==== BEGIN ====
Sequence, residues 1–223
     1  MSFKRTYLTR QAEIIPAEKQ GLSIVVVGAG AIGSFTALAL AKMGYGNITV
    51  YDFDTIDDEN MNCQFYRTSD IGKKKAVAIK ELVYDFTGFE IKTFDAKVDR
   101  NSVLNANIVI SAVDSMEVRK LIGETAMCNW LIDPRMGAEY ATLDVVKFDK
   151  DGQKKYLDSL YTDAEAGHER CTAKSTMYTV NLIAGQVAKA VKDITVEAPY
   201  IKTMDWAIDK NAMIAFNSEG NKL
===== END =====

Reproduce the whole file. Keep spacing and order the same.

Sequence, residues 1–223
     1  MSFKRTYLTR QAEIIPAEKQ GLSIVVVGAG AIGSFTALAL AKMGYGNITV
    51  YDFDTIDDEN MNCQFYRTSD IGKKKAVAIK ELVYDFTGFE IKTFDAKVDR
   101  NSVLNANIVI SAVDSMEVRK LIGETAMCNW LIDPRMGAEY ATLDVVKFDK
   151  DGQKKYLDSL YTDAEAGHER CTAKSTMYTV NLIAGQVAKA VKDITVEAPY
   201  IKTMDWAIDK NAMIAFNSEG NKL